REMM'12, Fermilab, 13.
-
15.2.12

All products of elastic and inelastic nuclear interactions as well as Coulomb elastic scattering
of transported charged particles (hadrons, electrons,
muons

and heavy ions) from 1
keV

to 10
TeV
.
Coulomb scattering: Rutherford cross
-
section with Mott corrections and
nuclear form
factors for projectile and target

(important for high
-
Z projectiles and targets, see next two
slides).

K(T)

45











T
T
T
E
T
k
T
T
T
T
T
T
d
d
d
d
d
d
5
.
2

2
/
)
(
5
.
2


1



0
)
(
n
E
d
in Si

M. Robinson (1970)

R.
Stoller

(2000), G. Smirnov

REMM'12, Fermilab, 13.
-
15.2.12

46

LHC IR5 MARS15 Model

N. Mokhov

Triplet MARS15 Model

REMM'12, Fermilab, 13.
-
15.2.12

47

N. Mokhov

FLUKA 2006.3 and MARS15 (2007):
Intercomparison

REMM'12, Fermilab, 13.
-
15.2.12

48

N. Mokhov

DPA

REMM'12, Fermilab, 13.
-
15.2.12

49

N. Mokhov

REMM'12, Fermilab, 13.
-
15.2.12

50

Particle j

<E>

(
GeV
)

RMS
(
GeV
)

Flux


(cm
-
2
s
-
1
)

DPA/
yr

DPA (%)

p

2.93

10.7

1.3e8

1.75e
-
5

5

n

0.22

3.7

2.3e9

8.24e
-
5

26

p, K

13.8

41.6

5.4e8

4.78e
-
5

15

m

11.3

19.7

6.3e5

1.70e
-
9

-

g

0.018

0.35

8.6e10

~2.e
-
5

6

e

0.077

0.5

9.8e9

2.47e
-
5

8

Sub
-
thresh.

40

Sub
-
thresh.: particles
with E<100
keV

+ all fragments

Mean Energy, Flux and DPA averaged over 4 Hot Spots
(L, R, T, B)

N. Mokhov

Summary (calculations)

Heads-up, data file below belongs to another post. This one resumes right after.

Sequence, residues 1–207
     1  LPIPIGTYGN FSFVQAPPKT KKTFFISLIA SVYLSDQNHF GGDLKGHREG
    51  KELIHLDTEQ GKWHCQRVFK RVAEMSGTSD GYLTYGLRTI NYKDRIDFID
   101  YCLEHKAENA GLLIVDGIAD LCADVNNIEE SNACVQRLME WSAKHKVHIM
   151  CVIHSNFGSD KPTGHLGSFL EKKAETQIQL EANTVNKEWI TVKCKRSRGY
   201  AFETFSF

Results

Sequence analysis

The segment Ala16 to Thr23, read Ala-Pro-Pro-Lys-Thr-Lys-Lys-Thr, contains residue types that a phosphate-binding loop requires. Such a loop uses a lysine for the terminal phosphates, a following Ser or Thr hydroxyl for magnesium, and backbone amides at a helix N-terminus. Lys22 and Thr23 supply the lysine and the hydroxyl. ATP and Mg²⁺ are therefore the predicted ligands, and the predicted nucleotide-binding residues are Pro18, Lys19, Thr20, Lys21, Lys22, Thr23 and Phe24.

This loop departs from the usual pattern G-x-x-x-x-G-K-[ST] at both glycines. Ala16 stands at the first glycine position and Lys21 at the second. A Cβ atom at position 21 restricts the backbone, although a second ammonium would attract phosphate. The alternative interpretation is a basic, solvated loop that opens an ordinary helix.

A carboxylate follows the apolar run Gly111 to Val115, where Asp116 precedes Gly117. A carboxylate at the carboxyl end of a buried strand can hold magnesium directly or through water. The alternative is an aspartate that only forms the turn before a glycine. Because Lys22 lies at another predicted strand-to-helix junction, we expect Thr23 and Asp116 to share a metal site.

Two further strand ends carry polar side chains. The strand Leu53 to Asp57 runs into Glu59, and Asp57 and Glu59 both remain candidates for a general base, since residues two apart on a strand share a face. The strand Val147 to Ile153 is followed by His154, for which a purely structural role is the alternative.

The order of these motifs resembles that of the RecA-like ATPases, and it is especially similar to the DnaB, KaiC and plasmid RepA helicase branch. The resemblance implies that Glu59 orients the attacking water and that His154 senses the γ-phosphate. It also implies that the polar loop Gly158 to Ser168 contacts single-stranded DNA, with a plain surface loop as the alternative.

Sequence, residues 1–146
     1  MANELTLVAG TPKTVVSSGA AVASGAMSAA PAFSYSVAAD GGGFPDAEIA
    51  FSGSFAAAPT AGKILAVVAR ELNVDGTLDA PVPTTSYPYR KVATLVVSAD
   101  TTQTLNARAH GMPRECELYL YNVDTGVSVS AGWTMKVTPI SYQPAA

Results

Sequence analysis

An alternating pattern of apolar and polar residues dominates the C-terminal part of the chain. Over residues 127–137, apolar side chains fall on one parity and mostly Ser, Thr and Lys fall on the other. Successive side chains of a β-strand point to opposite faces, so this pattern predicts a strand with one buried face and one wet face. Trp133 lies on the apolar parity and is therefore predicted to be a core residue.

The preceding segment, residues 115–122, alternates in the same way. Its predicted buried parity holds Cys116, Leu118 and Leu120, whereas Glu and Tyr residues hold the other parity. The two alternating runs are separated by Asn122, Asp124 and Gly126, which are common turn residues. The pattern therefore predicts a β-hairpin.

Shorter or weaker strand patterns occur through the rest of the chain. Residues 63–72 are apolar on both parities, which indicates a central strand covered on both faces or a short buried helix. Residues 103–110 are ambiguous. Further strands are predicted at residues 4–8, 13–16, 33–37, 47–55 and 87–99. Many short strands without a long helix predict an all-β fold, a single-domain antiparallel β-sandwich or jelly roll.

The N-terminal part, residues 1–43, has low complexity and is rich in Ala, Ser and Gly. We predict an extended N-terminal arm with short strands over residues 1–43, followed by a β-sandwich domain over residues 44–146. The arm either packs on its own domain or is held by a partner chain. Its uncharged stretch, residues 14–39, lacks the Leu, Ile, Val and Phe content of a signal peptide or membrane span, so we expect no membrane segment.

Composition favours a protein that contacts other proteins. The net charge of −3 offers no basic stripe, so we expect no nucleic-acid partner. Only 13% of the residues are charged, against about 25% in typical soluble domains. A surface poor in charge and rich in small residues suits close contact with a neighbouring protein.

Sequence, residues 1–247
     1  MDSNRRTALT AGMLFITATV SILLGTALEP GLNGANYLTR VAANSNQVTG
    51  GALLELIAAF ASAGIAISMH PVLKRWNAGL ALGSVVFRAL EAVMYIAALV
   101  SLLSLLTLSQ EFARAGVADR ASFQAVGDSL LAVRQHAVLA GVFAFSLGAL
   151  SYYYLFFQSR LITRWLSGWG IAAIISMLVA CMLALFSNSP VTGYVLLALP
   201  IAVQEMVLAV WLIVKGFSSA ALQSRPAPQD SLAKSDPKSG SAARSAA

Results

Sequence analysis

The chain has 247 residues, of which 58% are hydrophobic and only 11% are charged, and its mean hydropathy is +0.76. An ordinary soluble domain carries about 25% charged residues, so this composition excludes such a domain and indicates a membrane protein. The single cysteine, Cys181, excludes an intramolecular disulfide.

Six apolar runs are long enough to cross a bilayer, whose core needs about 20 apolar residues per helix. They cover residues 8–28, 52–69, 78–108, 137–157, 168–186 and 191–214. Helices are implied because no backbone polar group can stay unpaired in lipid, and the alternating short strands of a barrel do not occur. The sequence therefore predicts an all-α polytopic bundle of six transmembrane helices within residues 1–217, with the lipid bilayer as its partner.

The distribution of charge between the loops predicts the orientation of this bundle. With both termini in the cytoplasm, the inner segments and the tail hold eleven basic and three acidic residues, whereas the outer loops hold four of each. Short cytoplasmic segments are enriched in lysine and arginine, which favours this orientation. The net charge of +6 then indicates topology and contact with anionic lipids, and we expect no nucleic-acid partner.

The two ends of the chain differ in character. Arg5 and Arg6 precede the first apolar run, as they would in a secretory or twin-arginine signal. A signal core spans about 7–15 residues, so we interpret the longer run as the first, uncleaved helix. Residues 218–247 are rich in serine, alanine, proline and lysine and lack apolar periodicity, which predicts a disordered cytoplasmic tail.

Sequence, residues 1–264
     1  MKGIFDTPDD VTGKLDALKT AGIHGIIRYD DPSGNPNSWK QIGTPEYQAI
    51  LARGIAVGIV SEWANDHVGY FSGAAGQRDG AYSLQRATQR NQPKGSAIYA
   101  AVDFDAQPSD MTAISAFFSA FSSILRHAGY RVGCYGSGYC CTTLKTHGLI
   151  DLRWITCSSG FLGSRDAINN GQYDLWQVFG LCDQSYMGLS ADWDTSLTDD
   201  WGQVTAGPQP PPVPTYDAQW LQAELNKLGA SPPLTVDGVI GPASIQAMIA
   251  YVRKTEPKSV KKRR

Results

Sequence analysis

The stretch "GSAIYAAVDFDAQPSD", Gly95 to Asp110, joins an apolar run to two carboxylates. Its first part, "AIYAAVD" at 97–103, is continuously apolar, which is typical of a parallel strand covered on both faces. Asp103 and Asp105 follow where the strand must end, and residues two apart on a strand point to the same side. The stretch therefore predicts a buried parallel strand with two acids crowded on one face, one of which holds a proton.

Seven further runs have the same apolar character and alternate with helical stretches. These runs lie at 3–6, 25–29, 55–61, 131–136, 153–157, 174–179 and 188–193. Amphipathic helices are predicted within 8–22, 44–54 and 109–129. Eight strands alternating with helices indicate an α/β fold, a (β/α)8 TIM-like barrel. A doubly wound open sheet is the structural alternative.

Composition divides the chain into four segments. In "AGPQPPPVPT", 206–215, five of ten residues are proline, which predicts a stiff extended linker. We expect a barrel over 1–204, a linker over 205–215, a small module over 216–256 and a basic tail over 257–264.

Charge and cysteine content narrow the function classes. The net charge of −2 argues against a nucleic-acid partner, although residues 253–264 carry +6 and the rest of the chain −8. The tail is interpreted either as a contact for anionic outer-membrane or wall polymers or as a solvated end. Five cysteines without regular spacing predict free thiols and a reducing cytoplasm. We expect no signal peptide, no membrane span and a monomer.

Independent

FLUKA

and

MARS

results

on

energy

deposition

(
mostly


from


EMS
)

for

inner

triplet

coils

are

in

agreement

within

a

few

%
,


therefore

one

can

predict

dose

in

insulator

with

same

accuracy
.




Uncertainties

on

DPA

predictions

in

superconductors

can

be

as

high


as

a

factor

of

2

to

3
.




MARS
15

results

are

obtained

on

composition

of

particle

flux

and

DPA


in

the

hottest

spots

of

the

final

focus

quadrupole

superconducting


coils
.




The

major

contributors

to

DPA

are

sub
-
threshold

particles

(
40
%
),


neutrons

>

100

keV

(
26
%
)

and

pions

(
15
%
)
.

51

REMM'12, Fermilab, 13.
-
15.2.12

REMM'12, Fermilab, 13.
-
15.2.12

52

Taking into account



-

the calculations


-

the observed difference between



neutron and proton irradiation effects



(factor ≤ 30 between fluences at J
c
/
J
co

for 1 MeV)


-

the smaller, but not negligible effect of electrons and


photons (which have considerable DPA)




Estimated total peak fluence, comprising


neutrons and charged particles (protons and pions)


is equivalent to the known effects of neutron fluence


between
3x10
21
neutrons/m
2

and >5x10
21
neutrons/m
2


Estimated

total
peak

fluence in LHC (3’000 fb
-
1
)

Reduction of lifetime of quadrupoles